The World Health Organization (WHO) has finally admitted that despite all of the hysteria, nobody has died of the Omicron variant of COVID-19.
The WHO issued a warning stating that it may take several weeks for experts to figure out how infectious this new variant is, and how effective both jabs and other treatments are against it.
“‘We’re going to get the answers that everybody out there needs,” said WHO emergencies director Michael Ryan, according to Daily Mail.
International Monetary Fund chief Kristalina Georgieva spoke out yesterday to claim that much like the Delta variant did, the Omicron variant could slow the global economic recovery.
“Even before the arrival of this new variant, we were concerned that the recovery, while it continues, is losing somewhat momentum,” she said. “A new variant that may spread very rapidly can dent confidence.”
Health Secretary Sajid Javid said that he had a “productive” meeting with the World Health Organization’s director-general Tedros Adhanom Ghebreyesus today.
“Productive meeting with @DrTedros and his team to share our findings so far on Omicron,” Javid tweeted. “We continue to work with @WHO on our global treaty to prepare for and respond to future pandemics, and on building a global surveillance network.”
The U.S. and Australia became the latest countries this week to confirm that cases of the Omicron variant were being transmitted locally. On Friday, New Jersey, Maryland, Missouri, Nebraska, Pennsylvania and Utah each reported their first cases of the Omicron variant.
“We do see an increasing growth rate, we see increasing numbers of omicron being detected,” said Maria Van Kerkhove, the WHO’s Covid-19 technical lead, according to CNBC. “But we have reports of omicron in 38 countries in all six WHO regions. There is a suggestion that there is increased transmissibility, what we need to understand is if it’s more or less transmissible compared to Delta.”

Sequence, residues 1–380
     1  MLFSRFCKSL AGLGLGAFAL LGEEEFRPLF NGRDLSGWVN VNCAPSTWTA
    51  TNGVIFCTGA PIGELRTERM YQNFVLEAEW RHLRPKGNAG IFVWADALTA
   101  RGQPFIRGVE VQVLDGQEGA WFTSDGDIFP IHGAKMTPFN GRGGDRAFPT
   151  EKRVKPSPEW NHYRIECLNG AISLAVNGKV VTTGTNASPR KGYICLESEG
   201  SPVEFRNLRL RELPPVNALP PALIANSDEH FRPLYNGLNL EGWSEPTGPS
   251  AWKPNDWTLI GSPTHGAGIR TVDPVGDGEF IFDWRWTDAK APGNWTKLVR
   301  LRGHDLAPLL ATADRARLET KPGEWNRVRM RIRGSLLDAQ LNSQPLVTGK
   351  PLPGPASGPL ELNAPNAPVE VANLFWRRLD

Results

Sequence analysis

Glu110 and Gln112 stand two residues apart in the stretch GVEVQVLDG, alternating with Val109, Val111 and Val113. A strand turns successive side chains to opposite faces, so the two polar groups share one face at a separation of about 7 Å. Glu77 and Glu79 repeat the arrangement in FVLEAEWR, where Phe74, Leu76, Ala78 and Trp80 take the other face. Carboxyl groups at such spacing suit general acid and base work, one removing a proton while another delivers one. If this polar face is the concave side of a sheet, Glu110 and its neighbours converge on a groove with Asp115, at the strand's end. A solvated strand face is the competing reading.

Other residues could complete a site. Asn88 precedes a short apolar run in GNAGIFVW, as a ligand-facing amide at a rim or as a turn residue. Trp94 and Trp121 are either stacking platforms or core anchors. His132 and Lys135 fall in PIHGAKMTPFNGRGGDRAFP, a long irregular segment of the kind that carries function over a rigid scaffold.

Dr. Mike Ryan, executive director of the WHO’s health emergencies program, said “clearly the virus does appear to be transmitting efficiently. And we saw that before with Delta. So again, there’s certain things we shouldn’t be surprised with.”
However, Van Kerkhove reiterated that it is still far too early to figure out just how dangerous the Omicron variant is.
“There was initial reports that it tended to be more mild, but it’s really too soon,” Van Kerkhove said. “Everybody who is infected with SARS-CoV-2 regardless of what variant will always start out with a mild disease. And so maybe it will stop there with mild, some people are asymptomatic of course, but it may stop with mild disease or it may take some time.”
Red Voice Media would like to make a point of clarification on why we do not refer to any shot related to COVID-19 as a "vaccine." According to the CDC, the definition of a vaccine necessitates that said vaccine have a lasting effect of at least one year in preventing the contraction of the virus or disease it's intended to fight. Because all of the COVID-19 shots thus far available have barely offered six months of protection, and even then not absolute, Red Voice Media has made the decision hereafter to no longer refer to the Pfizer, Moderna, or Johnson & Johnson substances as vaccinations.